A sigh of relief

While the act of staying home during this pandemic can feel isolating for some, I am struck by the inherent duality of this individual act for the benefit of our larger human existence. To help protect others and quell the spread of harm, we give up practices that previously brought us happiness. When I look at it from this perspective, I have never felt more connected to others knowing that we are all making sacrifices (some minor and some truly significant) for the health of each other and for the hope of a stronger shared future. As a major extrovert, spending all day alone in my home has been a challenge. When my husband gets home, or when I happen to see a neighbor on an evening walk, I am sure that I am like a Labrador puppy—so excited by the prospect of seeing another human that I can’t remember how to use my feet, let alone figure out how to string together sensible phrases. 

This experience has helped me to reaffirm how much I value human interaction and my relationships with others. The simple act of being able to hold eye contact with someone while we speak is something I will never take for granted again. Embracing someone in a hug so full that I can feel the breath fill their lungs and their heart pulse is something I will savor more. 

I have also spent a lot of time during this pandemic reflecting on the impact and significance of the human presence on the Earth. While humans are suffering, the Earth is surely on the other half of the yin yang relationship. As humans, we have been forced to limit our travel, decrease our production, and tailor our consumption. We are forced to reimagine some of the human pieces of our existence. But for our planet…oh, I imagine she is finally able to breathe a sigh of relief.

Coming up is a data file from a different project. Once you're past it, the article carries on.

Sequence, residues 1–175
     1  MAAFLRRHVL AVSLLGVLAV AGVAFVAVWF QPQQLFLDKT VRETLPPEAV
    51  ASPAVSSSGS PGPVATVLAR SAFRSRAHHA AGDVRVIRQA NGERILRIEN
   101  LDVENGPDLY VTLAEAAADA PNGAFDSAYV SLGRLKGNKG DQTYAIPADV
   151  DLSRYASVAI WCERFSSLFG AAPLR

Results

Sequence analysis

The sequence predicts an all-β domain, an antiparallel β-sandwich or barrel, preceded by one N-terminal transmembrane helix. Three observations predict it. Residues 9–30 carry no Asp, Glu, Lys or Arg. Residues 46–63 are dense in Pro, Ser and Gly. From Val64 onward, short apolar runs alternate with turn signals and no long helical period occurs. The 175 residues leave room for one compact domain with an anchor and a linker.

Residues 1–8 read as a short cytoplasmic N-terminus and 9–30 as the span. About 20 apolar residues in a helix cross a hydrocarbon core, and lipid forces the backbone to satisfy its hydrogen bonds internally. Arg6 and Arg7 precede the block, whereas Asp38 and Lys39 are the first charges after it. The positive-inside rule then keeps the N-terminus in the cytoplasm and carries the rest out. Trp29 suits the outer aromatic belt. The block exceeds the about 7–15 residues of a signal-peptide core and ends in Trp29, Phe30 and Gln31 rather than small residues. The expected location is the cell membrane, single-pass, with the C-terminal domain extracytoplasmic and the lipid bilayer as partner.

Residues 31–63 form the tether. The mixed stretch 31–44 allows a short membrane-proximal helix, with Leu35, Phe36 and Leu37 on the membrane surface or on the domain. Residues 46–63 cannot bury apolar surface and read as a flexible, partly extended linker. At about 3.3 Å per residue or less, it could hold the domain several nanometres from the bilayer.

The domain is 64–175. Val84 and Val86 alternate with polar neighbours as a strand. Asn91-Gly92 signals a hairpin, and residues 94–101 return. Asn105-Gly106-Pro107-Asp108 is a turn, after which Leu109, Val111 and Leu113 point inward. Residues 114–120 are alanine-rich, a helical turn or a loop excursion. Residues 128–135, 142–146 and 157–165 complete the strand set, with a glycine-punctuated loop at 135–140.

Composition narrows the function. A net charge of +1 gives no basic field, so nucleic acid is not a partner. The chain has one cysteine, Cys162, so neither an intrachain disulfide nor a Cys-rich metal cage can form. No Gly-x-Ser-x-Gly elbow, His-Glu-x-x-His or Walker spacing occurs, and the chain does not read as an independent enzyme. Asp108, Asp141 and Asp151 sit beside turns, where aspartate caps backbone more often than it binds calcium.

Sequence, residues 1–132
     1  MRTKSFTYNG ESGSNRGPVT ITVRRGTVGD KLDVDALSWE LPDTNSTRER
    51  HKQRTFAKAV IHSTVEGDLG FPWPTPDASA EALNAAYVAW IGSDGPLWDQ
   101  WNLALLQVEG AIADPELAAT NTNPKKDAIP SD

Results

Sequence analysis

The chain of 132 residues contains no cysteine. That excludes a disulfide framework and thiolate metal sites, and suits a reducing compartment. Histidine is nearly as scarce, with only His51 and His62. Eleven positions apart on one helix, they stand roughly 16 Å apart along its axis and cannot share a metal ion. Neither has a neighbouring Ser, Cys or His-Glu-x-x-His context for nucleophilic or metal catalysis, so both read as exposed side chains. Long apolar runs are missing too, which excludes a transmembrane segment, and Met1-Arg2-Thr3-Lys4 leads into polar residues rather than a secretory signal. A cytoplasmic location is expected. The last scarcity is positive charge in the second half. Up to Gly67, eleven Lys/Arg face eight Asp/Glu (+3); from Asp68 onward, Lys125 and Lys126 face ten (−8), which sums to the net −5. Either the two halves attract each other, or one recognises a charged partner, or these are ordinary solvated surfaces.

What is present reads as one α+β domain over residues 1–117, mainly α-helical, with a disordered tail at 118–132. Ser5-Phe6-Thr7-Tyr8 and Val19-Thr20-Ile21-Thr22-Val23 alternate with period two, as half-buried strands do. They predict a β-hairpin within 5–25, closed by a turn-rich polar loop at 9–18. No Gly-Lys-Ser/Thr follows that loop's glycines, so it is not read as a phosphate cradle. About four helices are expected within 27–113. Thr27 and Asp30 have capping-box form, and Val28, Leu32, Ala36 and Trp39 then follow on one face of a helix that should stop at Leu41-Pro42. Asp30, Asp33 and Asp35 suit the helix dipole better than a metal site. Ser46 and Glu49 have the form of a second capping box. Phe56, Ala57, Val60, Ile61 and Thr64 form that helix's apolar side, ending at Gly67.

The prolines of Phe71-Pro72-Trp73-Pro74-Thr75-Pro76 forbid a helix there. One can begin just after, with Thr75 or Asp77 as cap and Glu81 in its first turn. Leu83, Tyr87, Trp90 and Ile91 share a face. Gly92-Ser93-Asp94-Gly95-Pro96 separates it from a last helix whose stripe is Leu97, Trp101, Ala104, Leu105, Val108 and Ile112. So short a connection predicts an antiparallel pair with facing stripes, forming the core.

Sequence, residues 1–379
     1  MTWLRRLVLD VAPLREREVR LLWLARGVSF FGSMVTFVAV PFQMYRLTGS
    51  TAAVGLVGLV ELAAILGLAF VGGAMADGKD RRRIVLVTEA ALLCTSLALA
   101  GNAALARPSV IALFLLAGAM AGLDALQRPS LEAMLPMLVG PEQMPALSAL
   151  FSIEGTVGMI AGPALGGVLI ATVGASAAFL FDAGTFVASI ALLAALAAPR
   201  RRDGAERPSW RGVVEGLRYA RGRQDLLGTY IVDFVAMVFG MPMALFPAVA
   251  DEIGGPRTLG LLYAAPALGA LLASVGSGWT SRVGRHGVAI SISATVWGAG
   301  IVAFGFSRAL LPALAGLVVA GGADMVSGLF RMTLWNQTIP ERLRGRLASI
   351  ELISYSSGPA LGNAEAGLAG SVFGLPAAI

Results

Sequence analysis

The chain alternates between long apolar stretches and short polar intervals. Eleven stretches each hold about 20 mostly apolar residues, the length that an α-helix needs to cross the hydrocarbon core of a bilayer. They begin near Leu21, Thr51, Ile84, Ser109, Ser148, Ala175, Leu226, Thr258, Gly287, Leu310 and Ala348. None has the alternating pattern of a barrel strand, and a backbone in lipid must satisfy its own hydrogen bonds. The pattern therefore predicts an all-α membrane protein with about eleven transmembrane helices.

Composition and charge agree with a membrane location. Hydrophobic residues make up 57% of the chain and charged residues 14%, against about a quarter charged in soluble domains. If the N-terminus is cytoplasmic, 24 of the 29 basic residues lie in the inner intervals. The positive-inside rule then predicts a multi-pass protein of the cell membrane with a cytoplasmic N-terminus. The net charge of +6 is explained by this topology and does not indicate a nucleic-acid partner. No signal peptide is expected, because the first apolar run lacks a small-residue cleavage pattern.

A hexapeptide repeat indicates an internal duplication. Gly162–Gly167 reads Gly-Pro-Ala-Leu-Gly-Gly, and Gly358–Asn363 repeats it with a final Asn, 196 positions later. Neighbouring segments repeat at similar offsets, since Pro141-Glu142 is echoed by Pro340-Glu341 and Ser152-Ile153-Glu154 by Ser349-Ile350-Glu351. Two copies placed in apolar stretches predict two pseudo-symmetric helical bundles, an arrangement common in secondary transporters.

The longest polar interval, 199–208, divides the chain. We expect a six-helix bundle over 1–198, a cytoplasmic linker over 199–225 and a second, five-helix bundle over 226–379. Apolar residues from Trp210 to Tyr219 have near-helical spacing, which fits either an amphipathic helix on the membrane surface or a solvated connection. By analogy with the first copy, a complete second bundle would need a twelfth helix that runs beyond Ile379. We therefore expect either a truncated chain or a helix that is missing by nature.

A black bear eats grass in Yosemite National Park. Courtesy Ed Coyle Photography
A black bear in the grass at Yosemite National Park. Courtesy Ed Coyle Photography

There are signs of the Earth and other living creatures bouncing back on every continent. The waterways of Venice are clear and active with marine life, the measurable air pollution in China has decreased so much that it is detectable from space, Black Bears in Yosemite are more active, a coyote was spotted enjoying the beach below the Golden Gate Bridge, Penguins roam the streets in South Africa—all of these reminders of the spaces and places that humans have taken away. Even in my own neighborhood I have spotted owls, rabbits, a fox and a hummingbird, all creatures that my fast-paced life and the traffic of human life have pushed from view.
This leads me to the question…is the over-consumption of finite resources by our (sometimes extravagant) lifestyles the very infection that the planet is trying to fight off right now? Is our mutually transformative relationship with the Earth out of balance and in need of recalibration? As active members of the global-ecosystem, can we commit to lifestyle changes now to help the Earth build immunities and resilience? 

When we return to a "new" way of being together in person, I desperately hope that our human interactions will return stronger and more intentional than before this pandemic. But, I do not hope that our lives "return to normal." I hope that we can find a new way of existing that appreciates and respects each other and our shared blue dot in the cosmos a little more. I hope that all of us can fight off some of the negative practices and harmful behaviors that our pause in activity has resulted in allowing the Earth to breathe easier.

—Dr. Erin Sylvester Philpot, Assistant Director